During his tenure, improving benefits for City employees was important. “I always wanted to make sure they got the vacation time and sick leave they deserved.” He was selected as Citizen of the Year in 1997 and serviced on many of the city’s boards. He served on the East Texas Council of Governments for 30 years and was president of the organization two of those years. He also was President of the East Texas region of the Texas Municipal League. Having met Ann Flowers over a cup of coffee at church, she has been Joines’ sidekick and companion at mayoral functions and community events. They were both instrumental in making sure that Carthage won the Mash Bash Blood Drive four years in a row, defeating Marshall and Henderson each year. Joines also made a name for himself with his snowmen collection displayed in his front yard during the Christmas season. The snowmen represent each member of his family, including children, spouses, grand children and great grandchildren.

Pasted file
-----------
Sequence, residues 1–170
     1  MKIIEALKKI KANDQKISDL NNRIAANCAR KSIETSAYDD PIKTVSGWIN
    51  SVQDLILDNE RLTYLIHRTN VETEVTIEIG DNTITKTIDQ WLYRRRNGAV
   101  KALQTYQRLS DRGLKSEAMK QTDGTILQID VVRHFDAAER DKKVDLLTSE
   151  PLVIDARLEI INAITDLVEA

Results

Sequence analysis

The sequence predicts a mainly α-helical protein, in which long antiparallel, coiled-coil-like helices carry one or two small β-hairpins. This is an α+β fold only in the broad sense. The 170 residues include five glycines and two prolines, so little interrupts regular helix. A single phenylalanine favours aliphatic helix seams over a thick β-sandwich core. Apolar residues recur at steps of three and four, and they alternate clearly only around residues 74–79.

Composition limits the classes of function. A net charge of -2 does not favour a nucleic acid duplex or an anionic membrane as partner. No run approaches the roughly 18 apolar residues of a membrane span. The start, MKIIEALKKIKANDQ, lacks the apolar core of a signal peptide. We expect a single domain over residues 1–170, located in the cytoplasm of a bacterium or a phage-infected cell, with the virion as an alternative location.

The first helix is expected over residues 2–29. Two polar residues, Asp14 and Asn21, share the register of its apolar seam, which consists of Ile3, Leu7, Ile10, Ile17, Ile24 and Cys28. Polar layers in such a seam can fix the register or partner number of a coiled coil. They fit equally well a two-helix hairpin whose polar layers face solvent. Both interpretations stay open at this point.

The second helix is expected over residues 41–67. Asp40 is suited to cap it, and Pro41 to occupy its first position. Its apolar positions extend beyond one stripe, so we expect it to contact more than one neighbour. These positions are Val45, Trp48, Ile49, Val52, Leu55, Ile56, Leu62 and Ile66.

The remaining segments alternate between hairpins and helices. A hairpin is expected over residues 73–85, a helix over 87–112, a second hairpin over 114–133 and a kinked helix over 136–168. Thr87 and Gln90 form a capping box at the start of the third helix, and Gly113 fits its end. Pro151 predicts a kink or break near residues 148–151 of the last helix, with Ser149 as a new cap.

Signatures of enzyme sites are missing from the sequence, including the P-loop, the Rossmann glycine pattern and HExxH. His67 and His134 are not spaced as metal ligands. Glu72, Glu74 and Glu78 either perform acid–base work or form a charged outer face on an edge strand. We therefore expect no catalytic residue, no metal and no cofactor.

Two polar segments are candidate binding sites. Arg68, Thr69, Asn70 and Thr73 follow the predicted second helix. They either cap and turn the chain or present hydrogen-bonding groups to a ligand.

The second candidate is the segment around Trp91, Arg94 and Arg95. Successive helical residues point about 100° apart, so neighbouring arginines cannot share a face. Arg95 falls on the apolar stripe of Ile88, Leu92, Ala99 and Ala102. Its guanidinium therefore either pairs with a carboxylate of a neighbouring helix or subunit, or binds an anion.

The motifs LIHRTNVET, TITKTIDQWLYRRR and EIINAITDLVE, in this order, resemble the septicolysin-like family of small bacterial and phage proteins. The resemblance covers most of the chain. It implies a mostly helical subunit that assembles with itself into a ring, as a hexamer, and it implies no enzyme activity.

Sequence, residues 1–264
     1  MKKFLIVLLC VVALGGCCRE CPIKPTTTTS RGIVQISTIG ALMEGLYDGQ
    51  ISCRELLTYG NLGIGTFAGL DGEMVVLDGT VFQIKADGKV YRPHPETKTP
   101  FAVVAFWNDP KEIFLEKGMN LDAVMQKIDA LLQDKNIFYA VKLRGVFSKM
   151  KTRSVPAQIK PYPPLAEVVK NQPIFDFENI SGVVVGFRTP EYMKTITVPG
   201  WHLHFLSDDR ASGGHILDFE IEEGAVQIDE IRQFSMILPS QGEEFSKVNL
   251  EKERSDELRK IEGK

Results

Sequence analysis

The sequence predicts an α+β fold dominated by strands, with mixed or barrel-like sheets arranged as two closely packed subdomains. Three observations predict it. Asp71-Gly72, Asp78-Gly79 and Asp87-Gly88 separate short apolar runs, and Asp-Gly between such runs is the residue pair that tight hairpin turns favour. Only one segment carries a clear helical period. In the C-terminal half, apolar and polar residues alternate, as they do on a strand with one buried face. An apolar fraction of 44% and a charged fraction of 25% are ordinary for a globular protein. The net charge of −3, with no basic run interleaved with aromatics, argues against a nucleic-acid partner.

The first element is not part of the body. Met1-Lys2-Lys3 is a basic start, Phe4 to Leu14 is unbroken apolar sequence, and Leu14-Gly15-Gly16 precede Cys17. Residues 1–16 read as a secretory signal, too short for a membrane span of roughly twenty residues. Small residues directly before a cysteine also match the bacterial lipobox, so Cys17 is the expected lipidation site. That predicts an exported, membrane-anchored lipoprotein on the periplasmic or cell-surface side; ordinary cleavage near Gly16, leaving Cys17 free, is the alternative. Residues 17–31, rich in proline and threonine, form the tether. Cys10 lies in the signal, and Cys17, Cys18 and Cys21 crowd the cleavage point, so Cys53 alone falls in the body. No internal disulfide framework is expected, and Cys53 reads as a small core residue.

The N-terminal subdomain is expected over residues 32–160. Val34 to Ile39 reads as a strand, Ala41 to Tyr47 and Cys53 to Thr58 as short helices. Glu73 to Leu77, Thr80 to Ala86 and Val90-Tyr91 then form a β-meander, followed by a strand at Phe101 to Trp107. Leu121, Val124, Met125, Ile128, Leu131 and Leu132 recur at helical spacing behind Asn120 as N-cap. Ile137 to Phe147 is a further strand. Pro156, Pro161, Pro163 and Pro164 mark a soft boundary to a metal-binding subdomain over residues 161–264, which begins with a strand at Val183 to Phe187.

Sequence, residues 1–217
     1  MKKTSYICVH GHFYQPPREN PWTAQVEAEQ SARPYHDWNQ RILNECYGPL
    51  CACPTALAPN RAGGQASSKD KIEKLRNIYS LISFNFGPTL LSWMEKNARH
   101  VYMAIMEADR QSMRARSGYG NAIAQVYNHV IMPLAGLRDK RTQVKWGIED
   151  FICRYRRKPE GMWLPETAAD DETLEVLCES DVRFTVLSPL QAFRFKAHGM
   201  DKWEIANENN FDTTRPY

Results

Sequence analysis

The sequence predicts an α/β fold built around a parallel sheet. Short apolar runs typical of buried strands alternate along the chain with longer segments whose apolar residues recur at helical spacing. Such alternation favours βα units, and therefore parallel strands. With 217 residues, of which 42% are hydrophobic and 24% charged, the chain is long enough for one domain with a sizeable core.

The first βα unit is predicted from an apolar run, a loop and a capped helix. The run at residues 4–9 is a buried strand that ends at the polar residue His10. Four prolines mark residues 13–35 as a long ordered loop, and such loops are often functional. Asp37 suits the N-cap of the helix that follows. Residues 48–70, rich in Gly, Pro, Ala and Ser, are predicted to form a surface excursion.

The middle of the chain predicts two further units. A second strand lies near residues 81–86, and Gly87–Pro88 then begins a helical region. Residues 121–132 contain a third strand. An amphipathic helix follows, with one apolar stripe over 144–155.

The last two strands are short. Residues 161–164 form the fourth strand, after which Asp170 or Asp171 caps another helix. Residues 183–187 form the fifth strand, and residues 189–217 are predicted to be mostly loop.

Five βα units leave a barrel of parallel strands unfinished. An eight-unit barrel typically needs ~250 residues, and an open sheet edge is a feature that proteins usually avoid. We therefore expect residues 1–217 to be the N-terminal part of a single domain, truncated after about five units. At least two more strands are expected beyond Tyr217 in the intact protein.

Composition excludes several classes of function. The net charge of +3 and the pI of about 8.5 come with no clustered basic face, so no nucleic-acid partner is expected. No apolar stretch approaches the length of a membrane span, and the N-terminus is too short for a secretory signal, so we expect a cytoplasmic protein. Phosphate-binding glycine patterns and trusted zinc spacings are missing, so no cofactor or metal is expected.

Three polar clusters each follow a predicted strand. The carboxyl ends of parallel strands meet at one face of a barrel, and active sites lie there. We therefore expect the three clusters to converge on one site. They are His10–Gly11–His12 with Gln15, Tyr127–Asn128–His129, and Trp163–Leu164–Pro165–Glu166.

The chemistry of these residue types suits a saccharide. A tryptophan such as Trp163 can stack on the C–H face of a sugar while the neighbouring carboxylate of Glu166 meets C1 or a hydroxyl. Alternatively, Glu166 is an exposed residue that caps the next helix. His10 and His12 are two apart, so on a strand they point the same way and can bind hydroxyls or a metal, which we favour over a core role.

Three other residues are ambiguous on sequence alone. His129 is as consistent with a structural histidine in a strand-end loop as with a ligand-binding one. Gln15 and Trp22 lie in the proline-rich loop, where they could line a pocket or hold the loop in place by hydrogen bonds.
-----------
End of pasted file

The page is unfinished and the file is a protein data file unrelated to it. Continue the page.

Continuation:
After hundreds of proclamations, ribbon cuttings and awarding keys to the City, Joines felt it was time to step down. On January 13, 2014, he announced his official retirement after serving the City for 42 years. He wants to spend more time with his three children, Marja Williams, Mindy Pasqual and Mart Joines, his nine grandchildren and seven great-grandchildren. “Being mayor really involves a lot of going and planning, and I’m not a young guy any more. It really keeps you going and I loved it, but it’s time to let someone else have it for a while.”